“This year, the foundation’s hard work gained national recognition by winning Texas’ top conservation honor: the Leopold Conservation Award. The Sand County Foundation, a national nonprofit land conservation organization, presents the $10,000 award to one rancher or organization each year in honor of conservationist Aldo Leopold. Unlike past Texas honorees, the Dixon Water Foundation is not an individual landowner but a nonprofit organization focused on the bigger picture of Texas’ land health.”
Adaptive multi-paddock grazing enhances water conservation and protects water quality, according to a recent Texas AgriLife study published in Agriculture, Ecosystems & Environment.
“We found grazing management practices do have a significant influence on ecosystem services provided by rangelands,” said co-author Dr. Srinivasulu Ale, a geospatial hydrology associate professor. “Not only did the multi-paddock grazing practice provide several hydrological benefits such as increased soil infiltration, increased water conservation and decreased surface runoff, but also environmental benefits such as water quality improvement.”
Richard Teague, an AgriLife rangelands researcher in Vernon and science advisory board member for the foundation, was another co-author on the study. Teague said the research was designed to help producers assess the hydrologic and water quality impacts of traditional and alternate grazing management practices and identify best management practices for long-term sustainability of rangelands.
The Dixon Water Foundation funded the research project and employs adaptive multi-paddock grazing on Dixon Ranches.
For a summary of the research findings, visit the Texas AgriLife news website. The complete journal article is also available on ScienceDirect: “Evaluating the ranch and watershed scale impacts of using traditional and adaptive multi-paddock grazing on runoff, sediment and nutrient losses in North Texas, USA.”
“Treading West Texas Waters,” a 30-minute documentary about regional water issues, is now available online through Basin PBS. Dixon Water Foundation President Robert Potts features prominently in the documentary, an original production by Chris Hillen and Joe Cashiola for Basin PBS. The documentary looks at the state of water resources in West Texas, how different parts of the region are dealing with water scarcity, and possible pathways forward through water conversation and management.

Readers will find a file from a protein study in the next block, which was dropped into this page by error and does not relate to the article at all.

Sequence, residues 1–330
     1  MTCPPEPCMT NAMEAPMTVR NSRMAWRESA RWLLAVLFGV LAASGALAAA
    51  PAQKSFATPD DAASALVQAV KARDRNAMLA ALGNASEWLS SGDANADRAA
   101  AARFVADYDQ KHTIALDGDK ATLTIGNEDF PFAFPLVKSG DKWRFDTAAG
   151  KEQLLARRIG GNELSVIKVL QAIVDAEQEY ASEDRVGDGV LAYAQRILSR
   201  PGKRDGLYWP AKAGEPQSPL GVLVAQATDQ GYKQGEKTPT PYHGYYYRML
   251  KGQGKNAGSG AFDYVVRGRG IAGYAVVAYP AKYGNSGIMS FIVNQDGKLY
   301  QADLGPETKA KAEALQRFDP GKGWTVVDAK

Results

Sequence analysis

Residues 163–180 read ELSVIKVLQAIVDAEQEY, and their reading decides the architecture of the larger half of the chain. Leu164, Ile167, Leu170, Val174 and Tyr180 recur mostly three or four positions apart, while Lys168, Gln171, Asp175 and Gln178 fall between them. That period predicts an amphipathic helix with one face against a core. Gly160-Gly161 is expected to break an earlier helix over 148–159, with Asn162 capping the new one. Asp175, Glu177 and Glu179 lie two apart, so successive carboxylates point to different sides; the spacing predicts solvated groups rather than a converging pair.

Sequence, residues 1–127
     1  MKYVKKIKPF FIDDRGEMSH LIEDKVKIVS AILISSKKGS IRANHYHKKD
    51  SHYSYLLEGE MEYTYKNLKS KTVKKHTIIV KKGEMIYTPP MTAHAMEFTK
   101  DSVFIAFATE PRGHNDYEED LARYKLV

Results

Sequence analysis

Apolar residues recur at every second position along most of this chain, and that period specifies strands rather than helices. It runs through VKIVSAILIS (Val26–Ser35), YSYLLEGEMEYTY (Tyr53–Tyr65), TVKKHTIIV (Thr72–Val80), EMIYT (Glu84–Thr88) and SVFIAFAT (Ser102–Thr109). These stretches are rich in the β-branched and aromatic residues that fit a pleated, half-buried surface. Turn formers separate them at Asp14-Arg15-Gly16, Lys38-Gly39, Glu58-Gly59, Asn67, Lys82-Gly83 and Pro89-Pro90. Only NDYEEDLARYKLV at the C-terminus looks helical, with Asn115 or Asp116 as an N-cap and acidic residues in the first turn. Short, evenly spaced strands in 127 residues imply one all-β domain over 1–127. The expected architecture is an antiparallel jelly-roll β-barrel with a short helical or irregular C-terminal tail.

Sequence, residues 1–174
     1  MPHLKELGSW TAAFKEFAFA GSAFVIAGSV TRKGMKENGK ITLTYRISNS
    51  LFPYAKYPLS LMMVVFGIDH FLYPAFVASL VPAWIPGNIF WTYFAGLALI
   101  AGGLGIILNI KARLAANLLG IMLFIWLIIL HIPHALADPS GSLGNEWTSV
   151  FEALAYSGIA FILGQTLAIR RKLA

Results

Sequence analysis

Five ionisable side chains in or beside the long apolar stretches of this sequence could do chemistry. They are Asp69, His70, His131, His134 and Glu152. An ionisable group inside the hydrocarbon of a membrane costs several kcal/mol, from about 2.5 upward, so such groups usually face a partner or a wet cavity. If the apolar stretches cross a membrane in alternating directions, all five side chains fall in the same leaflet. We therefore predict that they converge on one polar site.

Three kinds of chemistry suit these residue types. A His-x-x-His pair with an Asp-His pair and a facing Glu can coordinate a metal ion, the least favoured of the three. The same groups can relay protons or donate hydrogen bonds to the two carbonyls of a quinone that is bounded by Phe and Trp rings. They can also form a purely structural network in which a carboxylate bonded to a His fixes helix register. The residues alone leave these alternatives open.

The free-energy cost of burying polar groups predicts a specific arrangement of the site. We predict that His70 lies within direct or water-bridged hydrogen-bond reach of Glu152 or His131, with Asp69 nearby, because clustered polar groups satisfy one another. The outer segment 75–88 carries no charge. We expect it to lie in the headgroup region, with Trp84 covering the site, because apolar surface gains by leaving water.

The Betty and Clint Josey Pavilion has been honored with an American Architecture Award from the Chicago Athenaeum Museum of Architecture and Design. The Josey Pavilion is the state’s first Living Building, the most advanced measure of sustainability in the built environment. Since 1994, The Chicago Athenaeum Museum of Architecture and Design, together with The European Center for Architecture Art Design and Urban Studies and Metropolitan Arts Press, have organized The American Architecture Awards to honor the best, new significant buildings and landscape and planning projects designed or built in the United States and abroad by the most important American architects, landscape architects, and urban planners practicing nationally and internationally and International architects and designers practicing inside the USA.
The Betty and Clint Josey Pavilion is among the prestigious AIA Committee on the Environment’s (COTE’s) Top Ten award winners, as reported by Architectural Record. Designed by Lake|Flato, the pavilion was recently certified as Texas’s first Living Building. The education and event center on Dixon Ranches Leo Unit has received several other honors, including the 2015 Architizer A+ Award for Architecture + Sustainability, the 2015 Texas Society of Architects Design Award, and the 2014 AIA San Antonio Design Award.
“This year’ s best buildings proved that architecture doesn’t have to be loud to be important,” begins Julie Iovine in the Wall Street Journal’s article, “The Best Architecture of 2015.” The Betty and Clint Josey Pavilion tops their list of four buildings that “stand out not only for their silhouettes but for working with what already exists, with what their communities need, with the environment and, above all, with an expectation of lasting for longer than a season of attention-grabbing headlines.”
The pavilion is the foundation’s 5,000 square-foot meeting and education center at Dixon Ranches Leo Unit in Cooke County. It’s on track to become Texas’s first Living Building, the most rigorous international green-building certification.
“Architects Ted Flato and David Lake posit that a connection to beautiful architecture can lead to caring and a desire to preserve and conserve one’s surroundings. This low-key, elegant building makes a case that it could truly be so,” Iovine writes.